EU's next seven-year budget will meanwhile be "the biggest single item" on the Danish agenda. While no final agreement on the figures is expected during the Danish presidency, the Scandinavian diplomat said his team will try to finish a "negotiation box" with elements of a compromise, while leaving blanks for the figures.

The same applies for some 60 pieces of legislation on agriculture, research, external relations and others which are underpinning the next budget and which will also have to be ironed out as much as possible before the final deal on the figures is sealed.

Transparency and less meetings

True to its Scandinavian spirit of openness, Denmark wants to make ministers meetings as efficient and transparent as possible.

"We were always in favour of transparency and you can count on its full implementation in all council meetings discussing legislative acts," the ambassador said. He noted that an article in the Lisbon Treaty obliging ministers to hold public debates whenever decisions on legislative acts are taken goes back to 1992 when Denmark first rejected the Maastricht Treaty.

Currently, public deliberations are being held, but often they are just a technical sum-up of lengthier talks behind closed doors.

So-called informal ministers meetings - often an opportunity for the country hosting the presidency to advertise its cities and landscapes - are also going to be kept to a minimum under the Danish presidency. If Poland held 20 such meetings, the Danish government so far has planned for only eight - four in Copenhagen and four in Jutland, the Danish peninsula.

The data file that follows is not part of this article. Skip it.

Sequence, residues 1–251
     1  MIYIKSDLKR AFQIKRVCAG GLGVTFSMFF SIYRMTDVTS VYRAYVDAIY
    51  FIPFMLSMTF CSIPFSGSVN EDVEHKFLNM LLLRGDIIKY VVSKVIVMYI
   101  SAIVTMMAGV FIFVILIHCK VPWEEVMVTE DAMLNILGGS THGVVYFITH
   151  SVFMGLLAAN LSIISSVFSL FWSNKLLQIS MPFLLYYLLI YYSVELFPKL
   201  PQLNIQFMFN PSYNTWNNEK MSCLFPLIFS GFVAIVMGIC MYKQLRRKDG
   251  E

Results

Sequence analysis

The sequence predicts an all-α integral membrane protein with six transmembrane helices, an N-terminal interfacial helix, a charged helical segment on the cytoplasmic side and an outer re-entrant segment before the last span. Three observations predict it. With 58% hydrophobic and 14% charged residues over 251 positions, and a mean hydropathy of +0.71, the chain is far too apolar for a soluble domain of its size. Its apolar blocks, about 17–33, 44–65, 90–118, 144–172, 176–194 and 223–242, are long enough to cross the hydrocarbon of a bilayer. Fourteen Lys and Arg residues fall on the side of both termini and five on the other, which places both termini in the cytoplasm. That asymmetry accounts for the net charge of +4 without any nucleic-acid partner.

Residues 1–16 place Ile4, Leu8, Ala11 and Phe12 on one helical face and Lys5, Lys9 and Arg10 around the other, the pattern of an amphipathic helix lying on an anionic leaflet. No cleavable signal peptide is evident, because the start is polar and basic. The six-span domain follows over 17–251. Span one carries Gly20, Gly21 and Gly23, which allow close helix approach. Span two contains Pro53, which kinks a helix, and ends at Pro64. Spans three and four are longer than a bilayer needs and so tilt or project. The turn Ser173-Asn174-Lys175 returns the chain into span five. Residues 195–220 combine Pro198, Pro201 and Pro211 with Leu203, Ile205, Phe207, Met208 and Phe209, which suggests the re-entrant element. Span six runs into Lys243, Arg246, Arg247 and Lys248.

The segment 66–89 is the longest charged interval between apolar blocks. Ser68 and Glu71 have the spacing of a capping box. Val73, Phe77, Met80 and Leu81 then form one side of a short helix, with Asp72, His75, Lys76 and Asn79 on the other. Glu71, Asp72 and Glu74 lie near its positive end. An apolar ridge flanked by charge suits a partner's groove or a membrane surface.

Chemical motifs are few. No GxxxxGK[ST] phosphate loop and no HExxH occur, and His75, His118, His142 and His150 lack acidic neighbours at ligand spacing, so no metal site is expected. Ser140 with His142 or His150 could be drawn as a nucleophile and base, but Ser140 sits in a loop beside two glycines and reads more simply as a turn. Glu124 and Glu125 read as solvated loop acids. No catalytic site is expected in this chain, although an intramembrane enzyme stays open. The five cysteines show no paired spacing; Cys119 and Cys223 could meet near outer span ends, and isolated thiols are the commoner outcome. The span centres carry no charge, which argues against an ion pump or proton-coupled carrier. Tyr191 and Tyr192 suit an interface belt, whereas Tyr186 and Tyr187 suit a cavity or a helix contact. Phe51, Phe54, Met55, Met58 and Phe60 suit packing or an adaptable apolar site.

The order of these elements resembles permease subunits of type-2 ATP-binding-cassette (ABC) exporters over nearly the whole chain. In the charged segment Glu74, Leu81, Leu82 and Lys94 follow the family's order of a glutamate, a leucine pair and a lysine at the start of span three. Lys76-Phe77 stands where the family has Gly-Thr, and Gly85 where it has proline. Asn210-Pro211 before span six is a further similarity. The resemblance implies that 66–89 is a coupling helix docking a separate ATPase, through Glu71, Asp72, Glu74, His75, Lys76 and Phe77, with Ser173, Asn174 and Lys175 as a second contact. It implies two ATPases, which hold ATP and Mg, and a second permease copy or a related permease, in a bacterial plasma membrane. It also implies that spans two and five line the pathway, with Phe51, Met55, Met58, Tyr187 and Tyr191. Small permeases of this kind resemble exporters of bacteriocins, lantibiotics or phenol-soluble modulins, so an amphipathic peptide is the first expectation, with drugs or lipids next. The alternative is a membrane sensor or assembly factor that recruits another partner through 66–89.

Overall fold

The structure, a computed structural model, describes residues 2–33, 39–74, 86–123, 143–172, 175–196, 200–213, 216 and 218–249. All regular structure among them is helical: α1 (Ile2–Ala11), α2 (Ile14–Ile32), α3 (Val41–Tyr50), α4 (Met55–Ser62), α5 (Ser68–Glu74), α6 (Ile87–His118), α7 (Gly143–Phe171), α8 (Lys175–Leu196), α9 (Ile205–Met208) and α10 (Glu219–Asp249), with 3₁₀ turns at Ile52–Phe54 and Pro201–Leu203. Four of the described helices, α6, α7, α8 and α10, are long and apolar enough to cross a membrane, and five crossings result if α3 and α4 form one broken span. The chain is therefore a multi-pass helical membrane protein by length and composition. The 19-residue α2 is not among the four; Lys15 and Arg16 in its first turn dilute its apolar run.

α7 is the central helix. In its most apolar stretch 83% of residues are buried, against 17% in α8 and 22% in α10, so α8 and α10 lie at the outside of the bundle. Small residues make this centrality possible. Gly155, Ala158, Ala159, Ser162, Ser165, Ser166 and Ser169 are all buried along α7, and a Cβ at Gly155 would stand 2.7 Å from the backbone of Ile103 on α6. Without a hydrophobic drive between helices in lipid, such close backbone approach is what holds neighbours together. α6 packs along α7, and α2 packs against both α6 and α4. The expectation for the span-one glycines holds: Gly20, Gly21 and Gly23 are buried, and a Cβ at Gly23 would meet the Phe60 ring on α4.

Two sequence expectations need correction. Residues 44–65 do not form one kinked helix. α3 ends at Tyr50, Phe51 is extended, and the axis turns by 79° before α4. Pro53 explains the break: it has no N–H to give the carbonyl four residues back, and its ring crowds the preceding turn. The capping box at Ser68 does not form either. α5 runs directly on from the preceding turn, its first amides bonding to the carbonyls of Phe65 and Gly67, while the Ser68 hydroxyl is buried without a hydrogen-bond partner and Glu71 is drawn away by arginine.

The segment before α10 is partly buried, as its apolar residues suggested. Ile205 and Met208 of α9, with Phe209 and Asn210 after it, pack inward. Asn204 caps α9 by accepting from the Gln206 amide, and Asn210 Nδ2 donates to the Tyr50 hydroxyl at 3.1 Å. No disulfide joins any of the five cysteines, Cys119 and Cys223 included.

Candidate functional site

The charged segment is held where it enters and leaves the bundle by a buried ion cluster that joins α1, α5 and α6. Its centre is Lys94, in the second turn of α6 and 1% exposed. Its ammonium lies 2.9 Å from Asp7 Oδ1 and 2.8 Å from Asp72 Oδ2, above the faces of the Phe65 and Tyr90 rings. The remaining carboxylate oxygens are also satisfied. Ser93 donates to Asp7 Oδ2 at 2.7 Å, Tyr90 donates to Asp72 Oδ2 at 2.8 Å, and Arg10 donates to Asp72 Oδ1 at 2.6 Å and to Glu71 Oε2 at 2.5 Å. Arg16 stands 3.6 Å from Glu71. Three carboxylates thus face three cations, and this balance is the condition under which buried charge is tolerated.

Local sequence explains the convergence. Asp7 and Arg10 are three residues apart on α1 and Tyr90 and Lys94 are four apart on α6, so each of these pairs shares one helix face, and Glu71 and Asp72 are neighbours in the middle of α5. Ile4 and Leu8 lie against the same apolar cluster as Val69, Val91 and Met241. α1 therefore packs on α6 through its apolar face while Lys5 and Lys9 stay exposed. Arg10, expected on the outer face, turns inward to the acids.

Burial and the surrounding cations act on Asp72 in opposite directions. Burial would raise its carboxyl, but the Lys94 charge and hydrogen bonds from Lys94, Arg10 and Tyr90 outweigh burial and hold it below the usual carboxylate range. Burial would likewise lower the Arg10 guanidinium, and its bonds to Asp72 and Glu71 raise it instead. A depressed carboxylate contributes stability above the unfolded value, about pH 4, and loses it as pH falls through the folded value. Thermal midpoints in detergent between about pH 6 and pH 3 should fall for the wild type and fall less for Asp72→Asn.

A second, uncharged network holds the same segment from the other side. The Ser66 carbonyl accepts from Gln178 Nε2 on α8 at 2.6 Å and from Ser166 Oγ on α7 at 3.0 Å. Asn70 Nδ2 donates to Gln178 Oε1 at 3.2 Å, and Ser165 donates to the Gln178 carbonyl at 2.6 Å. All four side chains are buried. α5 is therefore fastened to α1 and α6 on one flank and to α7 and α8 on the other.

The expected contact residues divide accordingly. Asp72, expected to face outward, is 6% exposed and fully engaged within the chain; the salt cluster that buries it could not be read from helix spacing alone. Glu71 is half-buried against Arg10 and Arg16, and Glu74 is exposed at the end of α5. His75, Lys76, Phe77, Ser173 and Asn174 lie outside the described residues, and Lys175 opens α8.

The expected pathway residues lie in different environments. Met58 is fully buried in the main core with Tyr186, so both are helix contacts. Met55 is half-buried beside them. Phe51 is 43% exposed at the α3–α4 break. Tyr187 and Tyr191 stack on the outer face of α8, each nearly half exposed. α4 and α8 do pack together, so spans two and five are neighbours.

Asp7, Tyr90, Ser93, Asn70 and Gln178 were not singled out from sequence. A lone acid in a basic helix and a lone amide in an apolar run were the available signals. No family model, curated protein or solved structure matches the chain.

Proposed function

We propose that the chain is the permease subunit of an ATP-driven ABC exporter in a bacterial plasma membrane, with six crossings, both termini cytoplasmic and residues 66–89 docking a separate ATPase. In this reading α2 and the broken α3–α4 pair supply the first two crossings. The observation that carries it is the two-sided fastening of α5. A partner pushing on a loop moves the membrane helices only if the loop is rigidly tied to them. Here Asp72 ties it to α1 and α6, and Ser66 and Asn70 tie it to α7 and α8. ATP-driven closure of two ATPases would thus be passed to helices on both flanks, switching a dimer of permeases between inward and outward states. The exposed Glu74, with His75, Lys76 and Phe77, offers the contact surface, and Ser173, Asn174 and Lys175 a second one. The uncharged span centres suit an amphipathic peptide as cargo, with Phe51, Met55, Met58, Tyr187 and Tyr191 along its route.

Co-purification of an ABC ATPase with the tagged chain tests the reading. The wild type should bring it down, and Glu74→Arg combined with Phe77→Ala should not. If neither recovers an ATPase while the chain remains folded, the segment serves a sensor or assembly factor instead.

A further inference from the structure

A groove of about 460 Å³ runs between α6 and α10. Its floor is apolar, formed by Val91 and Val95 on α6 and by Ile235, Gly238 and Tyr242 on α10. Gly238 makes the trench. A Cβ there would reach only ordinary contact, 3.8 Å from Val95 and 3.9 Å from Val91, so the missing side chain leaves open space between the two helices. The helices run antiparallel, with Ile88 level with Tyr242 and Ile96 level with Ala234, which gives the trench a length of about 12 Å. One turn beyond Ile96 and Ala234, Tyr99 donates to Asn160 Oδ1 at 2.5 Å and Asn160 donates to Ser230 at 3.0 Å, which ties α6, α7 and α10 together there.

Manpower, however, was boosted for the task of dealing with all the various dossiers ranging from fisheries to police co-operation and from financial markets reform to enlargement policy. Even as the Danish government has cut back some staff of its ministries, it doubled the staff of the permanent representation in Brussels from 80 to almost 160.

These extra posts were not hired from outside, but redeployed from other ministries, the ambassador explained. "We are good at moving money, reprioritising. Maybe that is why we are below 60 percent debt," he joked.

Former centre-left MEP wins Danish elections

Denmark on Thursday elected former Social-Democrat MEP Helle Thorning-Schmidt to become its first female premier. The new government is likely to row back on the controversial border checks and have a more generous approach to EU spending.

Stop criticising Merkel, Danish PM says

With Denmark taking over the EU presidency in January, Prime Minister Helle Thorning-Schmidt has said she will fight to make sure that non-eurozone countries are involved in all discussions concerning the internal market.

Denmark stuck in EU treaty quagmire